Here is the video of the talk (Earlier post) given by Dr. Raghuraman on Koothanool. The talk is in Tamil. So, for the benefit of readers who do not know/understand Tamil I have listed some interesting timestamps:
06:30 - The work Koothanool referenced by other authors. First one authored by Nakeeranar, commentary on a text by Irayanaar. Second one in Silapadikkaram by Ilango mentions “Natya nan nool”, which is an alias for Koothanool. Third by Nachinarkiniyar in Civaga Cintamani. Koothanool and Panchamarabu are the only two texts, written in Tamil that describe dance that predate everything else.
09:38 - Attam and Koothu, these two are the “root” words in Tamil for describing dance and dance related words that predate the word Natanam, this is before Tolkappiyam. The word Natanam did not originate from the sanskrit root “Nat” (नट) but from the Tamil word “Nad” (நட).
12:27 - Recovery of the text done by Kaviyogi/Yogiyar, who found only 6 volumes out of 9. This was later published by Sangeet Natak Akademi and Tamil Iyal Isai Mandram. There are evidences that point that Kaviyogi did not author Koothanool, but only transcribed and commented them from manuscripts since the etymology of the words used in Koothanool can be traced to Sangam period not to words invented at later point of time. He establishes how this work predates Natyashastra.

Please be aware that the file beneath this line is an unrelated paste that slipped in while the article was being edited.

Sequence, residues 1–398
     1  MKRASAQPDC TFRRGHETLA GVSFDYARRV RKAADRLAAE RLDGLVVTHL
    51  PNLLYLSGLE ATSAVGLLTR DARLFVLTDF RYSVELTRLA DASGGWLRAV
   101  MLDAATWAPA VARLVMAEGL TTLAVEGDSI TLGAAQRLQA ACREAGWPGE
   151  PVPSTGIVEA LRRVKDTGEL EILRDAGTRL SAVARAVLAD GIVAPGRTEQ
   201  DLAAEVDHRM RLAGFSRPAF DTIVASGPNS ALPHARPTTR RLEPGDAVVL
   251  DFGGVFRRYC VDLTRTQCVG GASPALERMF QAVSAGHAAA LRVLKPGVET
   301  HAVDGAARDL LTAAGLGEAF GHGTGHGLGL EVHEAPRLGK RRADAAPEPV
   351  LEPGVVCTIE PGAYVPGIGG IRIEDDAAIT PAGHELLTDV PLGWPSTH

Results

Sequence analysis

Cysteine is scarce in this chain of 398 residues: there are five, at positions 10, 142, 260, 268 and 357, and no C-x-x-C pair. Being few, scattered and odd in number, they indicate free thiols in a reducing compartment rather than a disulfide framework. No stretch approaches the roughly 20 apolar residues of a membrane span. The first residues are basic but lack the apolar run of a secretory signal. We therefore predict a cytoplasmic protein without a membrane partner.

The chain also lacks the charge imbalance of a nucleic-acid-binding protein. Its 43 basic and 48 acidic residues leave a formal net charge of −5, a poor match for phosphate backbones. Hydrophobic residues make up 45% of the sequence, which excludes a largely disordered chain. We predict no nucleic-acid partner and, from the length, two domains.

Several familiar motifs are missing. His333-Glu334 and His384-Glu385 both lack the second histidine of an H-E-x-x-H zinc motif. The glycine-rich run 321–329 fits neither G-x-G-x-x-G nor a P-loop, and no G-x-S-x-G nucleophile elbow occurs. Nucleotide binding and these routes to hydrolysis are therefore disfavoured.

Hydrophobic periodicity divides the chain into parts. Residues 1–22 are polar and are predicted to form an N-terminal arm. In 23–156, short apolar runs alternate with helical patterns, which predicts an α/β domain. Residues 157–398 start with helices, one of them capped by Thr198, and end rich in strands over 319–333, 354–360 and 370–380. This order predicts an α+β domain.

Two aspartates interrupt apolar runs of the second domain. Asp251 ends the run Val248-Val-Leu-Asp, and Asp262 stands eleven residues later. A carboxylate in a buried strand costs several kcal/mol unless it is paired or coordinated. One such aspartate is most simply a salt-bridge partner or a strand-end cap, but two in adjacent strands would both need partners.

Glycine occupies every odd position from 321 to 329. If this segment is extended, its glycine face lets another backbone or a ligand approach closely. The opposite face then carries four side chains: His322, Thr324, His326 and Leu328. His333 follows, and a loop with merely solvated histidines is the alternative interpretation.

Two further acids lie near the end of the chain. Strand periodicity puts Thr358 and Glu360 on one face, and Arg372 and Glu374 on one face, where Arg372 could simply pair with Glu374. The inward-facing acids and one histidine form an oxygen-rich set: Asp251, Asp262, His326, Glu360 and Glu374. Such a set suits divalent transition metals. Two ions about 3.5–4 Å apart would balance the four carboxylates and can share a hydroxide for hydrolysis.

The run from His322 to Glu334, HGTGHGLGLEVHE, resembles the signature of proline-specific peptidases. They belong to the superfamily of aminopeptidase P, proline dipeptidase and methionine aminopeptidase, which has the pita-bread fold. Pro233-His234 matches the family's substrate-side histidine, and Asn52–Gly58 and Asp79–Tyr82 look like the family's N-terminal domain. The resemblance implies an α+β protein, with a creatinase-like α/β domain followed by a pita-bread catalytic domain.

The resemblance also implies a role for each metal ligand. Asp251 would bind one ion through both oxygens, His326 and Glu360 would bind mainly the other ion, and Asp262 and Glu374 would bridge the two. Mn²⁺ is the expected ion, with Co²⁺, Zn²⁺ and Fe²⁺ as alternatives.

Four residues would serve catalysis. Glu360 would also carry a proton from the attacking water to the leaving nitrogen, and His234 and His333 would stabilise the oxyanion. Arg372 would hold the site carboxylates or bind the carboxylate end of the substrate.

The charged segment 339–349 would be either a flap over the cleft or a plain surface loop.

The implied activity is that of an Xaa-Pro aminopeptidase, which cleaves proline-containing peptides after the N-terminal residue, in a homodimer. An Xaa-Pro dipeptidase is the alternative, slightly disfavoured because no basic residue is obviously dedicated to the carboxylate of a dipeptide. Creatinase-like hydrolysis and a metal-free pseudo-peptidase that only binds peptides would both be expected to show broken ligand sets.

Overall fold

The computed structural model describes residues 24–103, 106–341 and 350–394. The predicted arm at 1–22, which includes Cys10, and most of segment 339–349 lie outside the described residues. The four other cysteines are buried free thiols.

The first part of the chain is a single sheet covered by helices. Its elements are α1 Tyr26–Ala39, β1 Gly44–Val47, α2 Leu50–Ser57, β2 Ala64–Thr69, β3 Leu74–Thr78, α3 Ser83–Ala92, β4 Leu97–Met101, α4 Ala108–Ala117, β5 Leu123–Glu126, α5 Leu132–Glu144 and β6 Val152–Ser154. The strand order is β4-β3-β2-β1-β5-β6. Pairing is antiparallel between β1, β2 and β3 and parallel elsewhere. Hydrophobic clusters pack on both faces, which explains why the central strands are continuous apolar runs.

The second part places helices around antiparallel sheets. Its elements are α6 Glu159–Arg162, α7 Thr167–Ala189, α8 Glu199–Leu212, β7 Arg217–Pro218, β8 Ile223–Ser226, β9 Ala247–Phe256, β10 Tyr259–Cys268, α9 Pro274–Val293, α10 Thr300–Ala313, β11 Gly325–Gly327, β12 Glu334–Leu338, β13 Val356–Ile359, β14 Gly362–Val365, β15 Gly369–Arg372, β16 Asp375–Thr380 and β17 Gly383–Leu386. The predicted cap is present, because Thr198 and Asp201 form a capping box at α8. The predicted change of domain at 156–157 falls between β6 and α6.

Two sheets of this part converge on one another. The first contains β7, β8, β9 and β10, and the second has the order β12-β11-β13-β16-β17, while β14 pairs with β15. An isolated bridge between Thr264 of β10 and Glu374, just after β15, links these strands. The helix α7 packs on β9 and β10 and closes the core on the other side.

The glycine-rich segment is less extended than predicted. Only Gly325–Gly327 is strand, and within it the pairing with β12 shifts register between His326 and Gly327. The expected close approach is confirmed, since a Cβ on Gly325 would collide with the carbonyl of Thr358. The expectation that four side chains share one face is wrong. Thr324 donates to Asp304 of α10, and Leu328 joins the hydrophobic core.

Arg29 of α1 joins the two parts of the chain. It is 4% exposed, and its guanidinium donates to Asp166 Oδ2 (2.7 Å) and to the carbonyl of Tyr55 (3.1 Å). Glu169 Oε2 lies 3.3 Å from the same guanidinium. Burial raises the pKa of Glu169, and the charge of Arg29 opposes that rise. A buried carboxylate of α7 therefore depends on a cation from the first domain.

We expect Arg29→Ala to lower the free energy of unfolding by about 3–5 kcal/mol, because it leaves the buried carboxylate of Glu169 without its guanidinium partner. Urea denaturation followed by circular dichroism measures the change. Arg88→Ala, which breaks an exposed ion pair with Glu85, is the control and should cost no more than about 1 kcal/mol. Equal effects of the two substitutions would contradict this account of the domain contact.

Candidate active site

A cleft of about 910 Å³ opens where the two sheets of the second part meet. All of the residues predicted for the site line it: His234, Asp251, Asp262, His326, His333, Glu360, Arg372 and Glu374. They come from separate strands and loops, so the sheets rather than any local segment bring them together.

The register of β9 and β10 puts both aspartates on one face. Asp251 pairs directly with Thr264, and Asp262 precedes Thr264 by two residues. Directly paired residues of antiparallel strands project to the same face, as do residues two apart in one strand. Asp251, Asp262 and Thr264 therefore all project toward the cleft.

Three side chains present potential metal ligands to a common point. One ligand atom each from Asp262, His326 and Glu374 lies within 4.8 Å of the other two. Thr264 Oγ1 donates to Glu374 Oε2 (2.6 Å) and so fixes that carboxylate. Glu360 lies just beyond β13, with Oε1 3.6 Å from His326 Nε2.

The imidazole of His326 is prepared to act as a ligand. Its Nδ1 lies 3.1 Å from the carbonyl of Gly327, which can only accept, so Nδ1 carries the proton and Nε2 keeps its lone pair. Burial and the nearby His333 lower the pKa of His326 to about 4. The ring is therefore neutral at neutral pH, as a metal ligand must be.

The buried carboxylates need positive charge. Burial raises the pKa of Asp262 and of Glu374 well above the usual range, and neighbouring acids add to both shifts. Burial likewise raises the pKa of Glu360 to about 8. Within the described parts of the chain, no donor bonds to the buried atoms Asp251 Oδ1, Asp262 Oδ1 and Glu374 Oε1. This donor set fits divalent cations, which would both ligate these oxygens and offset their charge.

16:30 – The word Karana was used by Tolkappiyar and Koothanool in Sangam period.
18:04 – Out of the 6 volumes, the first two have extensive commentary. But, for the remaining 4 the commentary was lost due to a servant throwing away them as trash and other books (more than 6000!) from their family given away to a second-hand shop when the house he lived was rebuilt as apartment complex, an anecdote from Yogiyar’s son as told to Raghuraman. [I felt sad after hearing the rest of the anecdote ]
20:00 – Recounting anecdote about some interesting history titbits of the Koothanool, published as “Aindiram(?)” (1000 copies) by TN government and from Kalakshetra.
25:38 - It was after the 5th century a dancing form for Shiva was created. In Sangam literature Shiva was referred as Nilachudi, Neer anindha netriyan, Aala mara selvan etc., and not as “Sivan” or “Nataraja”. Chronologically, Manimegalai (3rd or 5th century) mentions the word “Sivan” for the first time. In Koothanool, the word Sivan occurs too, however the context was not religious only to describe his . This created as issue when determining the date of the work. The static aka Nerai Sakhti was called as siva (சிவா for masculine) and the dynamic aka Iyakkum sakthi as sivi (சிவி for feminine). Koothanool describes the origin of dancer, where a thought conceived internally or siva, is then projected out or sivi. Prof. Raghuraman explains further how Sivan and Bhakti period related him to dance.
33:24 – He talks about Rasa and how the Shanta Rasa (the 9th one) has been dealt in Koothanool. He explains that it is a transitory rasa, while emoting different ones. All these are described in the Suvainool chapter. Sound ( தட்டு ) leads to movement/dance.
41:59 – He talks about another chapter Thogainool. It describes all the 108 tandavas and the 12 special ones.